The aim of this study is to determine whether the four bacteriocyte-associated symbioses in ants represent ancient nutritional mutualisms that have evolved to serve similar functions for their hosts. We first characterise the genomes of the symbionts in Formica and Plagiolepis, and several new strains of Westeberhardia from phylogenetically divergent Cardiocondyla lineages. Using a comparative approach, we asked whether the symbionts from all four ant lineages have retained metabolic pathways in their highly reduced genomes that suggest they serve similar nutrient-provisioning roles for their hosts. We then investigated the phylogenetic and intracolony distributions of symbionts in diverse Formica and Cardiocondyla species to determine the origins of each symbiosis and its prevalence across species and castes. This survey reveals that despite retaining their symbiont for millions of years, in many ant lineages that maintain multi-queen (polygynous) colonies, only a fraction of queens carry the symbiont, suggesting species differ in their dependence on symbiont-derived nutrients at the colony level. We present evidence that suggests species differences in symbiont retention are not correlated with changes in symbiont functionality and discuss how ant feeding ecology, sociality and cost-benefit trade-offs may impact dependence on nutritional symbioses.

Results and discussion

Genome characteristics of ancient obligate symbionts

We first tested the hypothesis that each of the ant lineages sequenced in our study (Cardiocondyla, Formica, and Plagiolepis) hosts its own ancient strictly vertically transmitted symbiont that have co-speciated with its host, which has been shown previously in the Camponotus- Blochmannia symbiosis [17]. To address this aim, we compared the genomes of symbionts from 13 species of ants, 8 from our study combined with 5 previously published genomes, representing four independently evolved symbioses. This includes symbionts from three Formica, two Plagiolepis, and an additional three Cardiocondyla species that we sequenced, in addition to four previously published genomes from Blochmannia, the obligate symbiont of Camponotus ants, and the one pre-existing Westeberhardia genome from Cardiocondyla obscurior [8,18,19,20,21].

We found the gene order of single copy orthologs in symbionts is highly conserved in ant species belonging to the same genus (Fig. 1). This type of structural stability of genomes is typically found in symbionts that have been strictly vertically transmitted within a matriline [22] and has been documented in the obligate symbionts of whiteflies, psyllids, cockroaches, and aphids [23,24,25,26]. In contrast, genome structure differed substantially between symbionts from different ant genera (Fig. 1, Fig. S1). We also find that the host and symbiont phylogenies are in general concordance in Cardiocondyla (TreeMap: p = 0.00100 CI95% = [0.00000, 0.00424]), and in Formica the topologies suggest co-segregation, although there were too few nodes to confirm this statistically (Fig. S2). Together, this strongly suggests the symbioses in all four ant lineages are independently acquired ancient associations that have co-speciated with their hosts.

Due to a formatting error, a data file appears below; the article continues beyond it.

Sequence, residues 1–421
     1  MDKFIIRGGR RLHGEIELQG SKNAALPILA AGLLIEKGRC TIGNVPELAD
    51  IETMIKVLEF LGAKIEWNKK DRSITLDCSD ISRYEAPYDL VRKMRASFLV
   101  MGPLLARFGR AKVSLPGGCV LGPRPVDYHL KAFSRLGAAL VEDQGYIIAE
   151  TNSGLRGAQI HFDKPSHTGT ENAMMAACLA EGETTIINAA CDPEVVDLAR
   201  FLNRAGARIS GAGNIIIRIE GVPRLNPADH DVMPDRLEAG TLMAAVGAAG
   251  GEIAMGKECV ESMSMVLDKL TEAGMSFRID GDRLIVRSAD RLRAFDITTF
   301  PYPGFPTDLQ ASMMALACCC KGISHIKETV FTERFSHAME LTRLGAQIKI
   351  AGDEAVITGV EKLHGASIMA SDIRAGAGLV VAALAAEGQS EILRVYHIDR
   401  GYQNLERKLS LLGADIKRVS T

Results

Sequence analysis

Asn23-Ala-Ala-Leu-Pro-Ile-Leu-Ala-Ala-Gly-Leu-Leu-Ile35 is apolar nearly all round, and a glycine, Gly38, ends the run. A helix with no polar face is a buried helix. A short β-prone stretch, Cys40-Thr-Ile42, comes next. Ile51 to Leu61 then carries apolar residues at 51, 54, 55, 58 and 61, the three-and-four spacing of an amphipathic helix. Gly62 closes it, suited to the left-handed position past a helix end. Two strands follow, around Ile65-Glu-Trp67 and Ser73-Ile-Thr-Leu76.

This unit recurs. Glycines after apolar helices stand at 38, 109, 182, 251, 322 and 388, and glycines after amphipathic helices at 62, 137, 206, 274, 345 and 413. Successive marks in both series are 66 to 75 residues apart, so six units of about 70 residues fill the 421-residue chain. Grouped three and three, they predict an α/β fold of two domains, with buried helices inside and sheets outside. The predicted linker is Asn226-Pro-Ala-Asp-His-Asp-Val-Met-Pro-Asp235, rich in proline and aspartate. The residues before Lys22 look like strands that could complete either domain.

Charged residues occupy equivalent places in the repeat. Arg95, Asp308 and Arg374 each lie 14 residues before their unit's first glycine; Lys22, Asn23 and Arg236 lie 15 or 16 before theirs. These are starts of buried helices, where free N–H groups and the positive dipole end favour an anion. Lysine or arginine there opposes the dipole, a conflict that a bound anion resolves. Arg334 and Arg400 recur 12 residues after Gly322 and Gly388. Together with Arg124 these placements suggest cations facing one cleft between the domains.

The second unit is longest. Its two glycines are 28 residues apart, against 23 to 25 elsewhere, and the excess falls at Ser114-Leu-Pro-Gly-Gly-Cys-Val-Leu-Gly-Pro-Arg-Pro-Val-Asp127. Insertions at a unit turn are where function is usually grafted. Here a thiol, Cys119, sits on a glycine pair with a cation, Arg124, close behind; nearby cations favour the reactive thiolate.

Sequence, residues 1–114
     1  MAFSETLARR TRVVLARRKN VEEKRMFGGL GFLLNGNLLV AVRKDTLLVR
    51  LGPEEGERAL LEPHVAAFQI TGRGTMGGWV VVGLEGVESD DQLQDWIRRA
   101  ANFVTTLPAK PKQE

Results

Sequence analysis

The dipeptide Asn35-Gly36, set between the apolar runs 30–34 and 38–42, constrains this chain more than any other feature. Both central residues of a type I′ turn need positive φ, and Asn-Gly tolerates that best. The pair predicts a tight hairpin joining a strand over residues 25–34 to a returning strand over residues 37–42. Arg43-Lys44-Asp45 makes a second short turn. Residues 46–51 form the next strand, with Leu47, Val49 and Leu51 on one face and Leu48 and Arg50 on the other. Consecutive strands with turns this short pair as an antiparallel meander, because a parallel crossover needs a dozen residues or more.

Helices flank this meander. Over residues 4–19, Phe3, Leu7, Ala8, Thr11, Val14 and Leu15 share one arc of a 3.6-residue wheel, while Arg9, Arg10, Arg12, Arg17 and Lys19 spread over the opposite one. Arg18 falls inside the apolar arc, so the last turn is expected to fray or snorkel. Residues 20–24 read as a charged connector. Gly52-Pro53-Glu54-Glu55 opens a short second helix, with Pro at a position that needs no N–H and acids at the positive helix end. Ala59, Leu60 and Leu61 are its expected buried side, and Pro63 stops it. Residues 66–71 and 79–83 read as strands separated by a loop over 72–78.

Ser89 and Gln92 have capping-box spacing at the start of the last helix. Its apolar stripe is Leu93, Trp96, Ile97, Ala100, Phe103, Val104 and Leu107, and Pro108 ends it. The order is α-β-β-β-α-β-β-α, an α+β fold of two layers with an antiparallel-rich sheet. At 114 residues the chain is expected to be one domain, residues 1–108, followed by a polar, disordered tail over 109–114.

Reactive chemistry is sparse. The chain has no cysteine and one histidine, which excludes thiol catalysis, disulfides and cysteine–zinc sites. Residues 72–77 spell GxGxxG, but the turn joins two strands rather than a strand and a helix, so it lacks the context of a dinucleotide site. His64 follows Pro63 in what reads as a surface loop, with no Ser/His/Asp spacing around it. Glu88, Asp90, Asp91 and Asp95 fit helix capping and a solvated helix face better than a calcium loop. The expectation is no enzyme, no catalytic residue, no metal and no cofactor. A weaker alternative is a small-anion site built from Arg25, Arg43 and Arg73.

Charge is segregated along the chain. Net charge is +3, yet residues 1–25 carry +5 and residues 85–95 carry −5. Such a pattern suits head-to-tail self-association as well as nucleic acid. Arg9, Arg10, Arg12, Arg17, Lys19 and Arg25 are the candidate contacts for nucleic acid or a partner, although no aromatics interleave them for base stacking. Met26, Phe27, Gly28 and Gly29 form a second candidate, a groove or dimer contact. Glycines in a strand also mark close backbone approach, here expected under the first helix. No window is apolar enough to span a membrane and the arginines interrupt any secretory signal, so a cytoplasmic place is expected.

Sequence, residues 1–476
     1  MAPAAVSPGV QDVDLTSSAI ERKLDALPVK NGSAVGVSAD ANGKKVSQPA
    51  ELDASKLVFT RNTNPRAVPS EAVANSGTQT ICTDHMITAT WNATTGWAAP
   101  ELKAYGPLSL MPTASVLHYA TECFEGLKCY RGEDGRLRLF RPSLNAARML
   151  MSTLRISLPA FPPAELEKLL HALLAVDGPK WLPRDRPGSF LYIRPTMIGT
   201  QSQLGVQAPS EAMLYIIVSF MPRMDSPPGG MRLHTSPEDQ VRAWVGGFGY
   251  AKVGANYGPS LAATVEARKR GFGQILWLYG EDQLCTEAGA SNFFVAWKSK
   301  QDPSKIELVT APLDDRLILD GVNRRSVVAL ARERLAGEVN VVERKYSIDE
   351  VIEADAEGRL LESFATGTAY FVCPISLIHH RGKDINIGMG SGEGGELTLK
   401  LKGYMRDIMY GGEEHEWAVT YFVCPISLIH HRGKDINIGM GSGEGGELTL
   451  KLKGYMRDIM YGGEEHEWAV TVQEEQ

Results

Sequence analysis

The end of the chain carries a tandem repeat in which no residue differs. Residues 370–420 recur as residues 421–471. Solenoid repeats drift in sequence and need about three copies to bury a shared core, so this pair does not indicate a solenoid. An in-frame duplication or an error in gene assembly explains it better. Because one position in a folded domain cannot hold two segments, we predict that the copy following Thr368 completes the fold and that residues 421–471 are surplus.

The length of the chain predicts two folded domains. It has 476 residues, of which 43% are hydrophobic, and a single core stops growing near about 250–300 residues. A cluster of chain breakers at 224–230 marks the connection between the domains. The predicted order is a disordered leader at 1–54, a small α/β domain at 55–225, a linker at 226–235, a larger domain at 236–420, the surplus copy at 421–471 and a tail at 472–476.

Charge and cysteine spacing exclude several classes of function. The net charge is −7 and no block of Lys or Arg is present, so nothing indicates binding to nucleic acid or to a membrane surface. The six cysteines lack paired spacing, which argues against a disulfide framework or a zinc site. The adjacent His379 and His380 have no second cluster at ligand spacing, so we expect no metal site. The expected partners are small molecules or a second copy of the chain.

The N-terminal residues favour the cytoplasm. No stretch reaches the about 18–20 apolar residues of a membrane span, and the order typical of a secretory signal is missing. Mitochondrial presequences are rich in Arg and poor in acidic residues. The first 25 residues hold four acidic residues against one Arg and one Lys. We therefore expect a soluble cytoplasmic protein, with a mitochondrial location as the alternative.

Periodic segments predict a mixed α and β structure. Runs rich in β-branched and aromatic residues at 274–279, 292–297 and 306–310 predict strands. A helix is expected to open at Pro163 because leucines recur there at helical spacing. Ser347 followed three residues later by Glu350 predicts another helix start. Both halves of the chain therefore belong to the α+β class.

Fig. 1: Structural stability of ant symbiont genomes.
Structural stability of ant symbiont genomes

A Ant lineages known to host bacteriocyte-associated symbionts (red font) and lineages not known to (black font), based on [91]. Outgroup (grey font) not examined in this study. B Visualisation of symbiont genomes showing conservation of gene order in the symbionts of ant species that belong to the same genus. Blocks show the locations of single copy orthologs in the symbiont genome, lines connect shared single copy orthologs between genomes. All genomes and annotations were generated in this study except the Blochmannia symbionts and the Westeberhardia strain from C. obscurior [8, 18,19,20,21]. *Evidence of symbionts were detected in embryos of Anoplolepis [91] but it is unclear if they are localised in bacteriocytes in larvae and adults.

In addition, our phylogenetic analysis reveals that all four symbiont lineages originate from a single clade, the Sodalis-allied bacteria (Fig. 2). This demonstrates that ant lineages that host bacteriocytes-associated symbionts have convergently acquired related bacteria, which differs from previous findings based on limited taxa and genes [27]. All of the symbionts have evidence of advanced genome reduction, which is characterized by reduced genome size, GC content, and number of coding sequences, similar to other ancient obligate symbionts of insects [4]. The three strains of Westeberhardia we analysed have extremely small (0.45–0.53 Mb) GC depleted genomes (22–26%) that are similar to the figures reported for the strain in Cardiocondyla obscurior [8]; confirming that they have some of the smallest genomes of any known gammaproteobacterial endosymbiont (Fig. 2). By comparison, the symbionts in Formica and Plagiolepis have genomes around twice the size (1.37–1.38 Mb) and GC content (~41%) of Westeberhardia (Fig. 2) raising the possibility that they are in an earlier stage of genome reduction than both Westeberhardia and Blochmannia. The Formica and Plagiolepis symbionts have a similar size, GC range, and number of coding sequences as known obligate symbionts such as Candidatus Doolittlea endobia [28], and several Serratia symbiotica lineages that are co-obligate symbionts in aphids [29].